Almost a decade after British Antarctic Survey (BAS) scientists first detected the vast cracks growing in it, an enormous iceberg, 490 square miles (1270 square kilometers) wide and nearly 500 feet (150 meters) thick, has split off from the Brunt Ice Shelf in Antarctica.

The iceberg's dramatic breakup, which is more than 20 times the size of Manhattan and bigger than New York City, comes following a major crack that had formed in November 2020. It was totally expected by the scientists. Following the many cracks in the ice shelf, a new chasm, known as the North Rift, started getting closer to another large crack in November. By January, the crack was growing a kilometer a day. The crack continued to develop over the months until it finally broke off on Feb. 26, Friday morning, according to a statement from BAS.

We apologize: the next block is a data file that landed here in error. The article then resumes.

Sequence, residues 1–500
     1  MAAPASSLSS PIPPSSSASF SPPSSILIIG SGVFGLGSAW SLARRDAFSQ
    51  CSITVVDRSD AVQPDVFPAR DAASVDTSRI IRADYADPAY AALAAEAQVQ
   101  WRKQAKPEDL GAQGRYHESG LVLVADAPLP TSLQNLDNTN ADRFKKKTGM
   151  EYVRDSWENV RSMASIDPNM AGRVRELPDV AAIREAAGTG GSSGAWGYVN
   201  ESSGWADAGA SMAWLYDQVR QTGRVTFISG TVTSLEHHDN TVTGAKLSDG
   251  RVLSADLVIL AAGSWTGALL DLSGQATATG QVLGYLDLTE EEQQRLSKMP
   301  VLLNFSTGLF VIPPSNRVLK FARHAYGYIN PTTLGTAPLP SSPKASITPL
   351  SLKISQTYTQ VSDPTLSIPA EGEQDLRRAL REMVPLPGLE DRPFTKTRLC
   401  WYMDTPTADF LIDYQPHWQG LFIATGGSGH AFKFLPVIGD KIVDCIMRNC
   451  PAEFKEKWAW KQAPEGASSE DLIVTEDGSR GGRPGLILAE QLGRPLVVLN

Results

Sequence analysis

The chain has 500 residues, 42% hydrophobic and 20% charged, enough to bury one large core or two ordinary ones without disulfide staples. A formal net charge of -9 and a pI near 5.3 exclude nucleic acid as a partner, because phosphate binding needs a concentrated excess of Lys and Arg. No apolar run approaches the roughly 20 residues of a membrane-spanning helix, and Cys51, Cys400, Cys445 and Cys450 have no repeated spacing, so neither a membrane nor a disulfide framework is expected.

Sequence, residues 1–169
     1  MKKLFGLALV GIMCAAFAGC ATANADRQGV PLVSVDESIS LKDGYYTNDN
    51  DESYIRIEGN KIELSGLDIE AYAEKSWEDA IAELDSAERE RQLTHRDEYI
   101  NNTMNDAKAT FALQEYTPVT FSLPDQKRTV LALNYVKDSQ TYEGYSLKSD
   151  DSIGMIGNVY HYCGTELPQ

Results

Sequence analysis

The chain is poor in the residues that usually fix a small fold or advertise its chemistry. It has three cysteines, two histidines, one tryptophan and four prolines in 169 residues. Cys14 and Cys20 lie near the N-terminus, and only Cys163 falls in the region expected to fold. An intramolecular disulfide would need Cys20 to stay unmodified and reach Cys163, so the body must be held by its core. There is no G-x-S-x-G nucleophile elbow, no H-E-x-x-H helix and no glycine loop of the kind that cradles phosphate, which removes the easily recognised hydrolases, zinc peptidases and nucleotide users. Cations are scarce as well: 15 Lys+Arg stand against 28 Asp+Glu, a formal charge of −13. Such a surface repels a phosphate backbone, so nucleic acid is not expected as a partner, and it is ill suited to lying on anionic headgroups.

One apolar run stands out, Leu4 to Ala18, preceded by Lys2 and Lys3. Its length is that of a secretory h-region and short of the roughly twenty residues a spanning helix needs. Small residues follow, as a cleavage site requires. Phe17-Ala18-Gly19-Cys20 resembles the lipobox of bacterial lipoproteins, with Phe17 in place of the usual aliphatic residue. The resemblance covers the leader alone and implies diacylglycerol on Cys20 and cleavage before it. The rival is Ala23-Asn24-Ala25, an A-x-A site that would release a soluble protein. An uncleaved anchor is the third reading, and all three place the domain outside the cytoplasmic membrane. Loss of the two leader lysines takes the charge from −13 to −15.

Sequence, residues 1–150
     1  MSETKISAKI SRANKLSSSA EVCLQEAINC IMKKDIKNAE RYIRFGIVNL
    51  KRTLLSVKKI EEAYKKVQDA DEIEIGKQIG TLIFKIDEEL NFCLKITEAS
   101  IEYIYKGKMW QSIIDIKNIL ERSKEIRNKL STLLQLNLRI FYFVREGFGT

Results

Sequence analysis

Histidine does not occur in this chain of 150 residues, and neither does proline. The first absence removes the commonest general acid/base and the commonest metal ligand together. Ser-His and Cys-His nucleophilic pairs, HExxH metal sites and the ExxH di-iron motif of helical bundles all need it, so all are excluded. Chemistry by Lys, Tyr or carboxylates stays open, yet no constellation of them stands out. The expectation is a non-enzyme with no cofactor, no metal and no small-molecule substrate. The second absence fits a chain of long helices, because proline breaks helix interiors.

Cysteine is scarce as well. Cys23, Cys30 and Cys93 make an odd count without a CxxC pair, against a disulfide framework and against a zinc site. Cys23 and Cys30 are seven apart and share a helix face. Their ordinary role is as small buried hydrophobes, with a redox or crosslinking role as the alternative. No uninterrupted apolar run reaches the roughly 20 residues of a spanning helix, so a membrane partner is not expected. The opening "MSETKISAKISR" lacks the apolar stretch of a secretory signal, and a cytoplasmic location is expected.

"Our teams at BAS have been prepared for the calving of an iceberg from Brunt Ice Shelf for years," BAS Director Jane Francis said.

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The BAS's Halley Research Station, which is located on the Brunt Ice Shelf to make atmospheric and space weather observations, was closed for the Antarctic winter with its staff having already left earlier in February. The press release states that the event shouldn’t pose any immediate threat to the research station and that the team was already prepared.

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